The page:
And it shouldn’t. There’s no valid reason it should. Only kyriarchy. Only bigotry. Only ignorance. Only silence.
I was afraid of putting this post up. I was afraid of contributing to stereotypes about bisexuals, of giving fuel to the idea that we are incapable of monogamy or are more likely to be unfaithful. Because I have to say that sometimes — during that 5% especially, yes — monogamy is hard. But (for us, I speak only for us) it is worth it, in the end. Its very difficulty, coupled with honesty, with working through it and around it, strengthens our relationship. He knows exactly what I put aside for him; I know exactly what he’ll do for me.
I won’t call sexual dissonance a blessing, exactly, but neither does it have to harm a relationship.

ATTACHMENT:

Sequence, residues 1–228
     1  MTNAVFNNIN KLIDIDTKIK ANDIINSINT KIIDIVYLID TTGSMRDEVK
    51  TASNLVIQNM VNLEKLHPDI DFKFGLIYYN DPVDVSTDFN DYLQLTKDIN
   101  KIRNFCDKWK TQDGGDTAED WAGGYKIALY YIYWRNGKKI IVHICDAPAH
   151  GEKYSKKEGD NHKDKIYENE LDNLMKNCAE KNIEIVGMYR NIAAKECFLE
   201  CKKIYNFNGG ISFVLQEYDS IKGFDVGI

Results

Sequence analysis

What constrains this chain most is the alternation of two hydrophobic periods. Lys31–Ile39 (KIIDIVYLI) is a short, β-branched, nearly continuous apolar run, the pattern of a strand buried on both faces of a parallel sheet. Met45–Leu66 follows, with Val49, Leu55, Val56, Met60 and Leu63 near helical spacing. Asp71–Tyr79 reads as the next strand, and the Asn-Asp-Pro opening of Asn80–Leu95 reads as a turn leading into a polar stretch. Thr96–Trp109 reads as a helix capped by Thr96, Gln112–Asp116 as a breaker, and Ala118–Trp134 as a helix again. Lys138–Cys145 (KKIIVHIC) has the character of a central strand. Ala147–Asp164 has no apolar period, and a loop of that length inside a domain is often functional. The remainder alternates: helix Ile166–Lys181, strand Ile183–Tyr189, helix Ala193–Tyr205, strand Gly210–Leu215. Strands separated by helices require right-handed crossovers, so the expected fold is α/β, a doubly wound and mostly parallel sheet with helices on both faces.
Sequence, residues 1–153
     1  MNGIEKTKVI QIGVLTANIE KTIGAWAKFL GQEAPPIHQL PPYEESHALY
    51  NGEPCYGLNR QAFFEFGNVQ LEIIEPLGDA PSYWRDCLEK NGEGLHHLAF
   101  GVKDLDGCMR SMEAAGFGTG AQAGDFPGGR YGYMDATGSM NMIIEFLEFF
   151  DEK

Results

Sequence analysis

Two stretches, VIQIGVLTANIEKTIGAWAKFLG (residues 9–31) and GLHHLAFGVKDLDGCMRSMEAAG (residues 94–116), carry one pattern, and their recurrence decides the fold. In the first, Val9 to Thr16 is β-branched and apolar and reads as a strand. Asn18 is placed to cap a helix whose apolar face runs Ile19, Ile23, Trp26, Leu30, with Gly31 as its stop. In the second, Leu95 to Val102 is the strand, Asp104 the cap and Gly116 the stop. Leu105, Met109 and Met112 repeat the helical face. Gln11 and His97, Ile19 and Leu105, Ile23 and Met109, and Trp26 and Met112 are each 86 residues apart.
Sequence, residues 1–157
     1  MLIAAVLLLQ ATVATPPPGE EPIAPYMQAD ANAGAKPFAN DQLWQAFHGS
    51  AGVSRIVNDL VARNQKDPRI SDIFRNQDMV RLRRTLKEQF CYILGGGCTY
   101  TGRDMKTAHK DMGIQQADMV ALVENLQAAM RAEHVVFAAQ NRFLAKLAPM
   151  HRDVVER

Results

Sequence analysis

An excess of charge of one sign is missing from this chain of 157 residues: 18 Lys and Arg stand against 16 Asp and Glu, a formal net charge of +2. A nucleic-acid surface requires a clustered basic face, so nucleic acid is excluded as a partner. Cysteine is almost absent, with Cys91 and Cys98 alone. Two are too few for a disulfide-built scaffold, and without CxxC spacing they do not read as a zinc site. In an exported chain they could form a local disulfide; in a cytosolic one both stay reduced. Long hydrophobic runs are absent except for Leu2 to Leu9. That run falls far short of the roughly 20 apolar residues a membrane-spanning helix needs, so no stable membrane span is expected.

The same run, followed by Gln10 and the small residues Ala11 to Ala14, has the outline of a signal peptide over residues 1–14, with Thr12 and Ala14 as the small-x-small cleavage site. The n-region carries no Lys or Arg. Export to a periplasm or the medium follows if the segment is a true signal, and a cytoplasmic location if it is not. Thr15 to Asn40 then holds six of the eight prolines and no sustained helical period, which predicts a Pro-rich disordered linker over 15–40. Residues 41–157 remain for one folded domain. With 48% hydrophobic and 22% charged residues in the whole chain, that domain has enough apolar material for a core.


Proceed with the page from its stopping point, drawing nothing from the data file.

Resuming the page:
Get honest. Then get creative.
- “Gender dissonance: A form of cognitive dissonance experienced by trans people due to a misalignment of their subconscious and physical sexes.” ↩
- Though straight folk who are not Kinsey 0s might have experienced sexual situations with people of the same gender without experiencing sexual dissonance, so it’s not guaranteed. ↩
- Mostly women, because, well, mostly I talk with women. ↩
- Queer is an inclusive term for non-heterosexual sexualities. Saying nonmonosexuals are all queer is not to say that monosexuals are not. ↩
- I spent several hours talking with many smart people on Twitter trying to name this phenomenon before we came up with sexual dissonance. The next best idea was MC Hammer Syndrome (“can’t touch this“), from the clever Emma. Among my many queer and straight and monosexual and bisexual friends, none of us knew a term for this experience. How can we talk about it if we can’t even name it? ↩